When reading source code, I sometimes come across unappealing code(sometimes even my own). However, there is one kind of “bad code” I see quite frequently. It is a set of unit tests which have had the DRY (Don’t Repeat Yourself) principle unduly forced upon them. DRY is the idea that you shouldn’t have to write the same code over and over; abstract it in a function or a class and just call the abstraction. This is all well and good in most cases, but I find it misguided when applied to a test case.
A test case should be like a simple short story. The characters are introduced, action/conflict occurs and then resolution takes place (sometimes with a moral). This (kind of) corresponds to the 3 steps of a unit test: arrange, act and assert. You arrange and setup what you need for your test to run, you perform the action that you are trying to test and then you assert the results. The issue I find is that a coder, in attempting to apply DRY to his test cases, will abstract away all of the arrange step into a function often with a name like SetupExpectations or just Setup. This goes against the point of a test case. A test case needs to be concise and tell me everything I need to know about how that one bit of functionality works. I don’t want to jump around the test class trying to read one test case. To me, this is like reading a book that says, “If you want to learn about the characters in this book please open this other book.” This doesn’t stop you from understanding the test, but it slows you down…and is just annoying.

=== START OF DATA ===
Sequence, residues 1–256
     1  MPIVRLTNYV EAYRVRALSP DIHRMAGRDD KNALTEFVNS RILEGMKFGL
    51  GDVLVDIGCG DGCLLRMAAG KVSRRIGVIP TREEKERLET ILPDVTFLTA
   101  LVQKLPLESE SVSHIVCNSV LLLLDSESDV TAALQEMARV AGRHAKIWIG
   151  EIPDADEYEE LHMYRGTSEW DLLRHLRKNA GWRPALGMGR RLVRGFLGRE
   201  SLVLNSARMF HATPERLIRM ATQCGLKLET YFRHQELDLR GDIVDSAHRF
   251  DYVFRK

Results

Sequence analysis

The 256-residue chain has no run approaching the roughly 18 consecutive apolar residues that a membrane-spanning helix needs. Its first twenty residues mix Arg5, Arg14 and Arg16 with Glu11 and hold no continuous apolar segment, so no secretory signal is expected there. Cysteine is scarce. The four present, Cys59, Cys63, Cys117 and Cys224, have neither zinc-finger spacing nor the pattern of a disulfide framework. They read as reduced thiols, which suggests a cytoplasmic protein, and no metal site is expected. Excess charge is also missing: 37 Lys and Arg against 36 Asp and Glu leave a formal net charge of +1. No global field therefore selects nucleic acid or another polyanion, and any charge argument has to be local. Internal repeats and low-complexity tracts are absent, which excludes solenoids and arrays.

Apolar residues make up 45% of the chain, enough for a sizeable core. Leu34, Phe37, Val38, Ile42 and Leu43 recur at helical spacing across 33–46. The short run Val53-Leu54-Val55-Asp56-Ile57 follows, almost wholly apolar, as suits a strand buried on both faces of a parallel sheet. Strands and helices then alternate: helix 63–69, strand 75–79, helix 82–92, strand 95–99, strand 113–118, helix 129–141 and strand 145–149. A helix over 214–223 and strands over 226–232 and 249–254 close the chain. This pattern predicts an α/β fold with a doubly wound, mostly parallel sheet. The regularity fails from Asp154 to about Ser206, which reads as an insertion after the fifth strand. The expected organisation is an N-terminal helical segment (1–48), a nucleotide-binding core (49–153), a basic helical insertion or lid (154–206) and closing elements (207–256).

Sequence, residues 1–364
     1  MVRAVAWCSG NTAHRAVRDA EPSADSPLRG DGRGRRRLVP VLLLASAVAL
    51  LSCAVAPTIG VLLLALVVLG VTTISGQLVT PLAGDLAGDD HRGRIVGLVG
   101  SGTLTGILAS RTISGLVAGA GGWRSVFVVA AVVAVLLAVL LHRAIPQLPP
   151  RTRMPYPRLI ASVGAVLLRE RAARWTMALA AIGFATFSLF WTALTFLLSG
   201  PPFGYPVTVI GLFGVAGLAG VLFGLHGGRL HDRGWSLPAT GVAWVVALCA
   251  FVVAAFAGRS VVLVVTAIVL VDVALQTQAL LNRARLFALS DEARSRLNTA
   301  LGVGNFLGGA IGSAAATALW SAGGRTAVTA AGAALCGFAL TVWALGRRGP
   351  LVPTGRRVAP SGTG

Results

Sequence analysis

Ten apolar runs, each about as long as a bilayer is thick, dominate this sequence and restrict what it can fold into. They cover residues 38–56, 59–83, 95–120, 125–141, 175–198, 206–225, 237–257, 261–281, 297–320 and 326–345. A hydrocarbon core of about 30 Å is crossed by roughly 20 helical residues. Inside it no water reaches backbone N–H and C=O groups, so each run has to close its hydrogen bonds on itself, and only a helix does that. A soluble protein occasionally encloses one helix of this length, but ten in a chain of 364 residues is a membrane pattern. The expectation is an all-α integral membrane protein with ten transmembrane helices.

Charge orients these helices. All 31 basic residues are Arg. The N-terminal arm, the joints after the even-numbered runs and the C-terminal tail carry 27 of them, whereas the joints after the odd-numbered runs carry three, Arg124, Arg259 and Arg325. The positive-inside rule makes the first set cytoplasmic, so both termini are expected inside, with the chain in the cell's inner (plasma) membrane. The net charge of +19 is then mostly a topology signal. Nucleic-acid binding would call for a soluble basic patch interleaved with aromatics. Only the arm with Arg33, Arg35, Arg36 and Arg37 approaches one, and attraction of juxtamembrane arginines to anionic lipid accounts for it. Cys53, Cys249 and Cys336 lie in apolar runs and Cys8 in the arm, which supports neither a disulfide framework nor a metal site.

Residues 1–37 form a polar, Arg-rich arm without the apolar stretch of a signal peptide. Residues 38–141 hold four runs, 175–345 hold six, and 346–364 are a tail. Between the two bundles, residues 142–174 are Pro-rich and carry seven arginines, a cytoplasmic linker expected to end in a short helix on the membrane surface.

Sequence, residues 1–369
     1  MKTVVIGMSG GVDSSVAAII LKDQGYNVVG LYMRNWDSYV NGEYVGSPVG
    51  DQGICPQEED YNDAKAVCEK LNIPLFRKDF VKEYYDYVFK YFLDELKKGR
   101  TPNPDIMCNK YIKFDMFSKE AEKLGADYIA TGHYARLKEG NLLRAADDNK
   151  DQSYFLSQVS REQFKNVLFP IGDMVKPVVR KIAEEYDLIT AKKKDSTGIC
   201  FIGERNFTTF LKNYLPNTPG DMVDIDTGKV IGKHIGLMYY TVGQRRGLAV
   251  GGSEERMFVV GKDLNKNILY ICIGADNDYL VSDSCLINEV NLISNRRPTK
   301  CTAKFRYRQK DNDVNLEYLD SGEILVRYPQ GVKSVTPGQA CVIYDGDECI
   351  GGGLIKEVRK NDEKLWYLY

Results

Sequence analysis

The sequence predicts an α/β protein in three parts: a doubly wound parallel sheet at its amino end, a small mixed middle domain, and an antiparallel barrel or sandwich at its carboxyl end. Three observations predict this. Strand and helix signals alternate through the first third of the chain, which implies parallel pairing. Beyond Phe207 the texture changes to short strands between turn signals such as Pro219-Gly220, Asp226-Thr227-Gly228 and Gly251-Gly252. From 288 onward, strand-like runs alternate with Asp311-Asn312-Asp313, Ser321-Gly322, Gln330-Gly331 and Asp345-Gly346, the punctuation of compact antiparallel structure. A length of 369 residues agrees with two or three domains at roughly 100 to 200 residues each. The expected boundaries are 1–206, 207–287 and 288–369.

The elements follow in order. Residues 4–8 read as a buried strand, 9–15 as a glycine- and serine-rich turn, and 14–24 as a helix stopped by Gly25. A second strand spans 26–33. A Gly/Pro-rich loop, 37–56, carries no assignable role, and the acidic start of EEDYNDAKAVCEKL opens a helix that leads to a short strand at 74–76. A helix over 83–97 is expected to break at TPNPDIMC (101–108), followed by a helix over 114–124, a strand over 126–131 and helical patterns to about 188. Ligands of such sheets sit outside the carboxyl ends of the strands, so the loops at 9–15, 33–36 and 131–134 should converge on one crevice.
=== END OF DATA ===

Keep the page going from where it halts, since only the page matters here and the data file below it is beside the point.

That is why I will come out and say do not apply DRY haphazardly to test cases.